Islamic banking is becoming increasingly accepted as a viable and fair alternative to the current "Western capitalist" banking system. European governments, including the UK's, are embracing Islamic banking. Gordon Brown recently declared that it was his desire to make Britain the Islamic finance capital of Europe. A number of leading UK banks now offer sharia-compliant financial services and the Treasury is considering the implementation of the sukok, or sharia-compliant, bond. Such moves fail to recognise Islamic banking for what it is — a modern Islamist construct, designed as another wedge between Western Muslims and their societies.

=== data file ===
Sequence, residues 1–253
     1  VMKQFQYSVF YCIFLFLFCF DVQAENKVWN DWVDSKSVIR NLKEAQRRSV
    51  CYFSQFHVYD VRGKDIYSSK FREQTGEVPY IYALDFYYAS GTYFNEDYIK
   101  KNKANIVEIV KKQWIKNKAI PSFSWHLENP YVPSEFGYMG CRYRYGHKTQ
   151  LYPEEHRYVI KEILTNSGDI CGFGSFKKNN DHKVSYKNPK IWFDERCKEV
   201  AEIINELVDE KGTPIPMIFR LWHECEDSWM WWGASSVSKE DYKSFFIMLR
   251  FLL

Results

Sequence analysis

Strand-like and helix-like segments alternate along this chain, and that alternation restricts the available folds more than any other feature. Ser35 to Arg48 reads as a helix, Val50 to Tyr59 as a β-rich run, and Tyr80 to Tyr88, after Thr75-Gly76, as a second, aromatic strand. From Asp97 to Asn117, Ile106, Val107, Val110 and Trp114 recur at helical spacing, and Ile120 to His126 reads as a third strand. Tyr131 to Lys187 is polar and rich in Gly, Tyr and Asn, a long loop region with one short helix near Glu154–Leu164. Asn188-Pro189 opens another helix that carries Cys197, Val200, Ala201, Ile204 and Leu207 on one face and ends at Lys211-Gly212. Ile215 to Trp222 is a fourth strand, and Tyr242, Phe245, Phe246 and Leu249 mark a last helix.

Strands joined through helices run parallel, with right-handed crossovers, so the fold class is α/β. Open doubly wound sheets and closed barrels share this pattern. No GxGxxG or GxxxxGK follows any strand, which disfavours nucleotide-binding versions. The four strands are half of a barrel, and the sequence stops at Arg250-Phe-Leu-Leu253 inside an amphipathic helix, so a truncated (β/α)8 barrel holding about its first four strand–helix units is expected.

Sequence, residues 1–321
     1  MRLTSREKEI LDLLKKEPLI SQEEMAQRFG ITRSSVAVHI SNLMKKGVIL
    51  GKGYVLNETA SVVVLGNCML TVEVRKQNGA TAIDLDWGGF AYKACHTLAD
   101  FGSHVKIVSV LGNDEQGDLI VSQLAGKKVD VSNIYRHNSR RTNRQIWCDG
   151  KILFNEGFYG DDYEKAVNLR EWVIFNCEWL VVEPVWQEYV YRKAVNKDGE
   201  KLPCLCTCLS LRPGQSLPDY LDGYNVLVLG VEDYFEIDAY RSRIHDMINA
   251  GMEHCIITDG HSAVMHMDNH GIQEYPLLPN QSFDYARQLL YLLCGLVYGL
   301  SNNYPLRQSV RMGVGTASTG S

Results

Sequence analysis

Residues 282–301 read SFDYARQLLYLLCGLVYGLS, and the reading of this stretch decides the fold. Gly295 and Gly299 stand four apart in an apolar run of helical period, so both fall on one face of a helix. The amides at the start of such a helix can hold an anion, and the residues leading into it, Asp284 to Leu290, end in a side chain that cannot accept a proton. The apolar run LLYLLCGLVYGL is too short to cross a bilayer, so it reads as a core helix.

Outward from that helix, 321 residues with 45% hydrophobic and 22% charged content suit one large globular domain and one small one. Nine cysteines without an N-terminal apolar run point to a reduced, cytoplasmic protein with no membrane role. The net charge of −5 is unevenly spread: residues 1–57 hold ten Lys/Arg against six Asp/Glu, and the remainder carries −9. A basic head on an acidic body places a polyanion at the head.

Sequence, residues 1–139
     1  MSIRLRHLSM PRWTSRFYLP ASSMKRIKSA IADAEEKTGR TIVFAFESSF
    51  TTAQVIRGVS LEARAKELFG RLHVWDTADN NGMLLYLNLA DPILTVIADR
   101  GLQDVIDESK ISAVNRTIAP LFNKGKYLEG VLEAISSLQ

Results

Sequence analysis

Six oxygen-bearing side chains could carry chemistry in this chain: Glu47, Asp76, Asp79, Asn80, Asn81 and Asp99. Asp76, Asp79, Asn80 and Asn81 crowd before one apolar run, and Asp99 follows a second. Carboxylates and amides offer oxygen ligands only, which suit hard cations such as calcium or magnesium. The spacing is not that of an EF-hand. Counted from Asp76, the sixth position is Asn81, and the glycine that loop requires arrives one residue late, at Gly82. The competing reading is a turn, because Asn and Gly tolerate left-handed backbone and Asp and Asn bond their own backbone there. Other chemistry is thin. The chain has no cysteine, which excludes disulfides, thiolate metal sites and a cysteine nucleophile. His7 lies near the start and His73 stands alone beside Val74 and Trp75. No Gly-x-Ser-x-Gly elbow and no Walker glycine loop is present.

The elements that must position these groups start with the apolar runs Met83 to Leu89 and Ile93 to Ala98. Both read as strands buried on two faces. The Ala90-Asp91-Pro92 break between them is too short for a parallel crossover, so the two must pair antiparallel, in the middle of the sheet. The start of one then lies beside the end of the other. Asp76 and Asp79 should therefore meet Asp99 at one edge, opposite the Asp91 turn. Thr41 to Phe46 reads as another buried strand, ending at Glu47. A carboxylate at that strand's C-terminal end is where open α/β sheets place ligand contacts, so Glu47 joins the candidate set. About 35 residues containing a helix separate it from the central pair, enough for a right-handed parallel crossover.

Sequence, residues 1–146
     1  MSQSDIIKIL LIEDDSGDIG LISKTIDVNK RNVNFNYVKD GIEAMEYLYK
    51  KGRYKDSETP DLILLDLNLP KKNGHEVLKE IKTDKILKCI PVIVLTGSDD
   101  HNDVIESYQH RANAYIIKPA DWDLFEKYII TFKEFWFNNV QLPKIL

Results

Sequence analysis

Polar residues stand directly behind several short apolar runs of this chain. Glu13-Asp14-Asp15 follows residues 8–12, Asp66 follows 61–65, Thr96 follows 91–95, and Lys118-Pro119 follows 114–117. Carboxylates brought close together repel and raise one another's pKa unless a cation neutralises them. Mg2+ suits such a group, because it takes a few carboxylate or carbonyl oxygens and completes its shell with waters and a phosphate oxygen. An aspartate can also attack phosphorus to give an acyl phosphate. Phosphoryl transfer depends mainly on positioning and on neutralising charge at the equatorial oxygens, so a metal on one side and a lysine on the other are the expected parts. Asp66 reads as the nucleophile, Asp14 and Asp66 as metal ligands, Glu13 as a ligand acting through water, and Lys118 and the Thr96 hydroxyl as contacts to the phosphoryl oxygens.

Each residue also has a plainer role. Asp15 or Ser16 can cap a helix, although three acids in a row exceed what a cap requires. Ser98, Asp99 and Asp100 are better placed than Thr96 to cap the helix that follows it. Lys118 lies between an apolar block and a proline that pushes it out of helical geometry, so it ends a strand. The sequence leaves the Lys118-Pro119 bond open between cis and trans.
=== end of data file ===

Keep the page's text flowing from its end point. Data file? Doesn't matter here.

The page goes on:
Since the recession, Islamic banking's supporters have been seizing the opportunity to present it as not only a more moral option, but as an economically safer one. But there are three questions that need answering: How is Islamic banking different? Who are its biggest cheerleaders? Why are they pushing for it?
Among the many justifications for his declaration of war against America and its allies, Osama bin Laden cited the un-Islamic and evil nature of the Western financial system. In a November 2002 "Letter to America", he wrote:
"You are a nation that permits usury, which has been forbidden by all the religions. You build your economy and investments on usury. As a result, in all their different forms and guises, the Jews have taken control of your economy..."